—Jeremy Goldkorn

3. Road test site in trouble for inviting Buddhist monks

A road test site in Leiyang, Hunan Province, was ordered to “make a rectification” after it was found to have invited eminent monks to the location, to conduct Buddhist rituals to seek blessings for the facility. In a widely shared video (in Chinese) uploaded by an internet user on June 2, a group of five monks in robes can be seen hosting a blessing ceremony on the site.

The video soon drew attention from the traffic police bureau in Hengyang, which released a statement (in Chinese) on June 3, saying that the site is still under construction and hasn’t been put into service.The police said the construction company requested the ceremony but did not get any authorization from the government. Also, the unfinished construction project has been suspended because of “the negative social impact caused by the monks’ appearance.”“What to rectify? Buddhism has been part of Chinese culture since ancient times. Buddhist followers didn’t do any harm to others. Which law did this practice violate?” one Weibo user wrote(in Chinese).

—Jiayun Feng

4. Shanghai Cooperation Organization — a nothingburger?

Founded in 2001 in Shanghai, the Shanghai Cooperation Organization (SCO) is an annual forum for China, Russia, and a variety of Eurasian states to discuss political, economic, and security issues.

The SCO's full members are China, Kazakhstan, Kyrgyzstan, Russia, Tajikistan, Uzbekistan, India, and Pakistan. Observer states are Afghanistan, Belarus, Iran, and Mongolia.The SCO meets this year in Qingdao on June 9 and 10. Xinhua News Agency says the agenda focuses on “measures to fight the ‘three evil forces’ of terrorism, extremism and separatism, drug trafficking, and cybercrime,” as well as “promoting the construction of the Belt and Road.”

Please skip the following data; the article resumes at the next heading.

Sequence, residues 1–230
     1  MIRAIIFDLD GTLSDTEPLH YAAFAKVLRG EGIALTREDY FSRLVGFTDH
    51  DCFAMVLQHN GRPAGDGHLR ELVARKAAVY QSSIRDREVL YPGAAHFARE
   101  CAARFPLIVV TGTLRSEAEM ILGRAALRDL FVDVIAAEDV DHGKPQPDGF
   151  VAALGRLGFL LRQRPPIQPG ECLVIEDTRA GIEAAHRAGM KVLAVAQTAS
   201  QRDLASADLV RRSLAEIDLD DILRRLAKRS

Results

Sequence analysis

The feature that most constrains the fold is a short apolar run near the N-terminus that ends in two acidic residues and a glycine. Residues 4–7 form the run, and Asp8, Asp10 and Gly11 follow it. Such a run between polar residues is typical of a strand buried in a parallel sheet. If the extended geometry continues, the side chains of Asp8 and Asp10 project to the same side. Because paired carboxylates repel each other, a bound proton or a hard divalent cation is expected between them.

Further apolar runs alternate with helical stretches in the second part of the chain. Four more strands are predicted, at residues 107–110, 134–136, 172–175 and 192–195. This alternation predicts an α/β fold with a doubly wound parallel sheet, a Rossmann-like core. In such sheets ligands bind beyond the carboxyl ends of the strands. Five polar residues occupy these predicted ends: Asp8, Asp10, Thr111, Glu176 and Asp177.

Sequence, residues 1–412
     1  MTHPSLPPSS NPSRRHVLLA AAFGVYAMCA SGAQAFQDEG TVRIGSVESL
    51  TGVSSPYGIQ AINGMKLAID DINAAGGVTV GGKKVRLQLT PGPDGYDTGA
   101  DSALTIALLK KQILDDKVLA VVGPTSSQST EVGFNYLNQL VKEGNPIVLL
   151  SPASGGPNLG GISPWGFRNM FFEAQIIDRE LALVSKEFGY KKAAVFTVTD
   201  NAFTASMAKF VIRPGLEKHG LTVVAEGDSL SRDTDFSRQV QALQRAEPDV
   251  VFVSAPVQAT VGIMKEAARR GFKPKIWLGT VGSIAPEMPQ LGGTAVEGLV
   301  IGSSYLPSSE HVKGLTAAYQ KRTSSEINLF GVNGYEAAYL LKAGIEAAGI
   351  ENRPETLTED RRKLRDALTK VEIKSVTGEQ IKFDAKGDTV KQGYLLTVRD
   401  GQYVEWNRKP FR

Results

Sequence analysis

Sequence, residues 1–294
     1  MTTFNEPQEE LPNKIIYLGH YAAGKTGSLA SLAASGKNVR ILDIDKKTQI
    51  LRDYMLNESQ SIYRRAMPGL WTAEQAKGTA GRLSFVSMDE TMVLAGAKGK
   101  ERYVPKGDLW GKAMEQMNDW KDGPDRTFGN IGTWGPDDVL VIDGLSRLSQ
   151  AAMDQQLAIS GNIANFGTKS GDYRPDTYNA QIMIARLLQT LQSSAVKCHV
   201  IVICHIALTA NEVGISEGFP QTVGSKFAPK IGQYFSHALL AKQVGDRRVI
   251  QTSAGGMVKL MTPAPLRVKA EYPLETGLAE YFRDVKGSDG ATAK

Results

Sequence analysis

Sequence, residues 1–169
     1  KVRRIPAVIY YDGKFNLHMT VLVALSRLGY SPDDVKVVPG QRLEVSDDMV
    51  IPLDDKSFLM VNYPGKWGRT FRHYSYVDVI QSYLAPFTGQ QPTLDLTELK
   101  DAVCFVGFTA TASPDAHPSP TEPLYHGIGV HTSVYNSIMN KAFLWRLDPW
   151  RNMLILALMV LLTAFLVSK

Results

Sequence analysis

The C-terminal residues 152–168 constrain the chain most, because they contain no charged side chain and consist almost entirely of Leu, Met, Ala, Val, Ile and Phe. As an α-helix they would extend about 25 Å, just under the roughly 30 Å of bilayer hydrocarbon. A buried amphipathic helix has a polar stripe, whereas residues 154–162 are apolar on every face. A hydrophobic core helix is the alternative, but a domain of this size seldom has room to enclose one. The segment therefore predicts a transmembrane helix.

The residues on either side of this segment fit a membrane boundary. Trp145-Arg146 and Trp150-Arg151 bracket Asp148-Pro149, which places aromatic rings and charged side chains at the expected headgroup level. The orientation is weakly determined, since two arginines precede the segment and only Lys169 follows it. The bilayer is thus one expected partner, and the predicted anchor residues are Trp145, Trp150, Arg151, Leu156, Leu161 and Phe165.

Evan Feigenbaum, veteran diplomat and vice chairman of The Paulson Institute at the University of Chicago, tweeted: “The Shanghai Cooperation Organization (SCO) summit approaches. Here's audio of a long interview about the SCO that I did with VOA's Uzbek Service in 2016. To my mind, absolutely zero has changed. Bigger, more diffuse, and even less functional.” It’s worth listening to that whole interview for a crash course in why the SCO is unlikely to achieve much.

5. Brainwashing Buddhist monks and nuns

Nationalist rag Global Times reports:

Buddhist monks and nuns in the Tibet Autonomous Region tasked with spreading government policies completed a three-day training last week to strengthen their political beliefs… Buddhist temples play a key role in Tibet's stability. The facilitators spread the latest religious and political policies and spirit from the central government to monks and nuns, leading them to advocate socialist development with Chinese characteristics.


The original Chinese report, with photos, is on Tibet.cn (in Chinese), which notes that "Tibet is the key to national security and the frontline of the anti-secession struggle,” and that the 19th Party Congress report “calls for the acceleration of border area developmentand to ensure its security."